March 19, 2010

By Judd Spicer
Special to

MINNEAPOLIS, Minn. - Friday at the Division III Swimming and Diving Championships, the longest-standing record at this event fell to John Dillon of Middlebury College (Vermont).

Maybe the eight championship records broken in the first two days pointed to this. Dillon swam the 200 butterfly in 1 minute, 45.01 seconds to break Pedro Monteiro's mark of 1:45.19, set in 1997. Monteiro, of Kenyon College set the record in the prelims that year en route to capturing the third of his four NCAA titles in the event. The record was one of just two 1990s records still standing in Division III, for men's and women's team and individual competition.

Monteiro is credited as being Kenyon's first recruit from South America, and his arrival opened a pipeline for Brazilian student-athletes attending Kenyon. Last year, Monteiro was inducted into the Lords' Hall of Fame. Reached via e-mail in his native Rio de Janiero, Brazil, Monteiro took a moment to recall his swim of '97:

"Like most of my top races, I remember feeling very smooth, effortless," Monteiro remembers. "I remember Coach (Jim) Steen's content expression while I was still in the pool. But most of all, I remember thinking that I could have gone faster. The time would have placed third, I think, at D I Nationals that year, and I remember thinking that I could have been the fastest from all divisions."

While Monteiro keeps close tabs on both the sport and his alma matter, he admits that he wasn't aware of the lasting gravity of that race 13 years ago.

"I had the chance to attend Nationals last year and noticed that the record was still standing," he continued. "But I didn't realize that it was the longest-active in D III. It's hard to believe that 13 years have passed since that day."

Despite the distance between his Brazilian home and Kenyon's location in Gambier, Ohio, Monteiro continues to stay in touch with his former coach. And while he'll never forget Steen's lessons in the pool, it's perhaps the former swimmer's first interaction with Steen that lives in the deepest waters of his memory.

"I still speak to Coach Steen, a person I care a lot about," Monteiro said. "Coach is a very intelligent and gifted individual who is able to combine those qualities with a perseverance and work ethic that, even in the sporting world, is hard to find.

"My first contact with coach resulted in one of my favorite stories involving the big guy," Monteiro remembers. "In my senior year of high school, I got a phone call from this Coach Steen from Kenyon College. I had applied to Kenyon a few months earlier after receiving information about the school in a college fair event. To my surprise, coach had called to tell me that my times were probably not good enough for Kenyon.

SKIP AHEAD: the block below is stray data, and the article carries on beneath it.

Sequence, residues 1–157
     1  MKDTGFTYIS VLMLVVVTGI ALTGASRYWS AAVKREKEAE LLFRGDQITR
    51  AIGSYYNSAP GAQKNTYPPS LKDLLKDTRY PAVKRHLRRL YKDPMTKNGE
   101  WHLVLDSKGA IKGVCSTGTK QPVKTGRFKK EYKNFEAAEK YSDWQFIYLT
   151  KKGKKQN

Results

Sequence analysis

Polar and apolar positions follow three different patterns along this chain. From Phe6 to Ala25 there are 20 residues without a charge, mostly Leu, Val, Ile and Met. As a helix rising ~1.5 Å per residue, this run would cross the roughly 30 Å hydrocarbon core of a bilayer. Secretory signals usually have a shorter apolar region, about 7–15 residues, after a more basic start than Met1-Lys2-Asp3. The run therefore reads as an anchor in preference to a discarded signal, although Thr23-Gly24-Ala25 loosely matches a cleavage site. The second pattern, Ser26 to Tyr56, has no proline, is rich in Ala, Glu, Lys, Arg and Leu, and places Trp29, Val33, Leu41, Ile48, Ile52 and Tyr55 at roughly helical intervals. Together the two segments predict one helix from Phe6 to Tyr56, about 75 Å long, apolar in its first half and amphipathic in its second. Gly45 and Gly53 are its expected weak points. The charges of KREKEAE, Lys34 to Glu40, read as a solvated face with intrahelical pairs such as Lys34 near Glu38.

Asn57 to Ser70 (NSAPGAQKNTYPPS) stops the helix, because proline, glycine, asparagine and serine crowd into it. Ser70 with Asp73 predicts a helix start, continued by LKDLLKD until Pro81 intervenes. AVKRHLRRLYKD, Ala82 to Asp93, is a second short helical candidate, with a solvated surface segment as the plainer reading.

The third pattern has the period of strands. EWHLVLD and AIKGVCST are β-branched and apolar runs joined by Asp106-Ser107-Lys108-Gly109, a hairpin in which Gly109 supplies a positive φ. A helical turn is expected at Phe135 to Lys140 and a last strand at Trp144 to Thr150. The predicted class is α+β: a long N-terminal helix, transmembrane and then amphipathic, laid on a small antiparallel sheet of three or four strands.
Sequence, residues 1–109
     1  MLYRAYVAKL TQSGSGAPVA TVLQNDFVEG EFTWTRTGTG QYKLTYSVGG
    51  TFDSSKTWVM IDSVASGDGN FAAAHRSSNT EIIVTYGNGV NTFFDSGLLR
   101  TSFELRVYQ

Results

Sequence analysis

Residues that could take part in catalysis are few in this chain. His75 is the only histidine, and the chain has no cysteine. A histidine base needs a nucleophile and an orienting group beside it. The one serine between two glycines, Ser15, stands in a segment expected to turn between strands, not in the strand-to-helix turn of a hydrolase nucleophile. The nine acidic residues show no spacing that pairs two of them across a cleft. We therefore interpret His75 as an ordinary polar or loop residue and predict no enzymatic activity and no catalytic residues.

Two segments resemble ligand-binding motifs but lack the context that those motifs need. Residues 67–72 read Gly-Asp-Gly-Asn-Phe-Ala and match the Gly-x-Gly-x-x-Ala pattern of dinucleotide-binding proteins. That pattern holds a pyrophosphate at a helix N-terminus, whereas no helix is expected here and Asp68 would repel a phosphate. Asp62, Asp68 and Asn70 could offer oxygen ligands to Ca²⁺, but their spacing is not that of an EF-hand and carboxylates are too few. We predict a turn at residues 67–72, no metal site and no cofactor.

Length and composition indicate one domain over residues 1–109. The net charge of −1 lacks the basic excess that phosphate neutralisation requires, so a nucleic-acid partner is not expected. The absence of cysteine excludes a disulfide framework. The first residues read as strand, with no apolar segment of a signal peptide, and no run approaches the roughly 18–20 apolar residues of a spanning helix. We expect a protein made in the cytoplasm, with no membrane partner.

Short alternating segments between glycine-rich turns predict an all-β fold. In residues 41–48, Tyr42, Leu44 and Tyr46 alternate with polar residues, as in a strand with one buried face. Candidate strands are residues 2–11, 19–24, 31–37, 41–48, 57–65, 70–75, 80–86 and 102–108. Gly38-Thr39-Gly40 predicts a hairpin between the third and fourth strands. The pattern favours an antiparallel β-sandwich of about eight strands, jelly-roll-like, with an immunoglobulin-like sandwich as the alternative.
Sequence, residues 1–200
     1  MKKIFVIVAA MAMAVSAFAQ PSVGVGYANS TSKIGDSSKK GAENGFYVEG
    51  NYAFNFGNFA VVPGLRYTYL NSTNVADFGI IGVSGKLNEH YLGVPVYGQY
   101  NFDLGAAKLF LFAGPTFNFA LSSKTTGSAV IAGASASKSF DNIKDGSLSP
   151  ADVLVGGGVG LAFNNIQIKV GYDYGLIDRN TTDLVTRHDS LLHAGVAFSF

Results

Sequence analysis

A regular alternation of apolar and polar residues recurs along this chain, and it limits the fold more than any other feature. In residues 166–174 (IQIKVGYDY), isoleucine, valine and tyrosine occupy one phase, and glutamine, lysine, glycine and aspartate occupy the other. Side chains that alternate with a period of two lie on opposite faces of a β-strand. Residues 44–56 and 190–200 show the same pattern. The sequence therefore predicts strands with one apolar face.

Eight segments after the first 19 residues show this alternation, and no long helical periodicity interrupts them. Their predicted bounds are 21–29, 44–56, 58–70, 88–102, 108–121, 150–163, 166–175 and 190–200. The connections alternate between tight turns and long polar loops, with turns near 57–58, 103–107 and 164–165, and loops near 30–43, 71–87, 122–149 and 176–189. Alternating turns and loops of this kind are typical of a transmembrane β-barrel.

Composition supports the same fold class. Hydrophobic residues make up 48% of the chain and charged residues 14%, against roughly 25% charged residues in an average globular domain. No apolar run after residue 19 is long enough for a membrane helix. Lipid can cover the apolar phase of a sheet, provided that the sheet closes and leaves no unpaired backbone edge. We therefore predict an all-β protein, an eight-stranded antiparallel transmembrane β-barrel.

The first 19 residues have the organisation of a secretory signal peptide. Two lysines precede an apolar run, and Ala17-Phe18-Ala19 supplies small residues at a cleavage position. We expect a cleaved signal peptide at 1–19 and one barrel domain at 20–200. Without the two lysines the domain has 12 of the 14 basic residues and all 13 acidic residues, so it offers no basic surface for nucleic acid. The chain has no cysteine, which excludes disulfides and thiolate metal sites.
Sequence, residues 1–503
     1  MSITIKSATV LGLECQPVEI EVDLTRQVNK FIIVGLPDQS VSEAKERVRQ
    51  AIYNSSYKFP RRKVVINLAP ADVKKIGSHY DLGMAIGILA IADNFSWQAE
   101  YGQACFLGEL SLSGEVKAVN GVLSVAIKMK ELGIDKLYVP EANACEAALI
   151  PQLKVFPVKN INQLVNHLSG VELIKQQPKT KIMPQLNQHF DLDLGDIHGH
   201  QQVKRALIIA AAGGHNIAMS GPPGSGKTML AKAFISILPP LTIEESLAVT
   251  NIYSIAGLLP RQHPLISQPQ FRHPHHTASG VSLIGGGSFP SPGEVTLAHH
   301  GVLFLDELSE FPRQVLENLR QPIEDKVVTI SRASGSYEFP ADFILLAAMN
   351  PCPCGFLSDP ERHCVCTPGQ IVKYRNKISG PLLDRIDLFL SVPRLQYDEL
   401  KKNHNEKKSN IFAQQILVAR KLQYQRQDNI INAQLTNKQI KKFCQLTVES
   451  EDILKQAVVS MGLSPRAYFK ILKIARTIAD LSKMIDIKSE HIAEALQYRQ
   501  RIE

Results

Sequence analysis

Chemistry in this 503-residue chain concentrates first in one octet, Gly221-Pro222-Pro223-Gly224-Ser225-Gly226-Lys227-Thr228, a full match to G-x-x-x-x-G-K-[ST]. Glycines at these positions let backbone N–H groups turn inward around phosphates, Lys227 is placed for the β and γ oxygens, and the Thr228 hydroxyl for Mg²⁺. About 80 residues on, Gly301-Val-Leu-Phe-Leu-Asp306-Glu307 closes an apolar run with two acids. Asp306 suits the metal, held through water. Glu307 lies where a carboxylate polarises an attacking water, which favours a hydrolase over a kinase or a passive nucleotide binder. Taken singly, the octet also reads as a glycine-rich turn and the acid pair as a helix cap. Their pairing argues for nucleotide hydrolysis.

"After he went on-and-on about how I should, perhaps, consider another team, I interrupted him and asked which times he was considering. As soon as he answered, I realized that he had made a mistake. He thought that my meter times were actually my yard times (a meter is about 10 percent more than a yard). When I pointed out the mistake, his tone of voice changed and could almost see him getting up from his chair, something he did whenever he got excited. Then, he went on-and-on about how going to any other place would be a huge mistake. The 10 percent made a 100 percent difference."

After his Hall of Fame career at Kenyon, Monteiro's competitive drive kicked harder than ever.

"I left Kenyon with one dream left: Making it to the Olympics," Monteiro continues. "I had come close in 1996, but that hadn't happened."

Monteiro continued his quest for the Olympics and went on to win a medal at the 2003 Pan Am Games in the 200 butterfly, but in 2004 was 6/10ths of a second short of qualifying for the Athens Games.

"I gave it a shot, with all I had, and didn't make it," Monteiro said. "It was a huge disappointment. But it also taught me a very important lesson about the way I approach anything that I care a lot about. Sometimes, less is a lot more."

But Monteiro would still find those Olympic dreams realized, except that he was donning a different type of suit.

"Life plays tricks on you," he says. "After working with investment banking and a few other things, I got a job at the Brazilian Olympic Committee. And this time, the 'Olympic experience' was very rewarding to me."

Brazil secured the 2016 Summer Games last year, but Monteiro left the Olympic Committee to start his own business. And, like a fish to water, Monteiro has rarely strayed far from the pool. Today, he continues his achievements in the swim world with a professional venture that mirrors the achievements of his record -setting, NCAA career.

"After spending three great years with the Brazilian Olympic Committee, I left to start my own sports marketing agency," Monteiro concludes "Effect Sport is now two years old and employs 16 people."

The company hosts well-known open-water races in Brazil and Europe.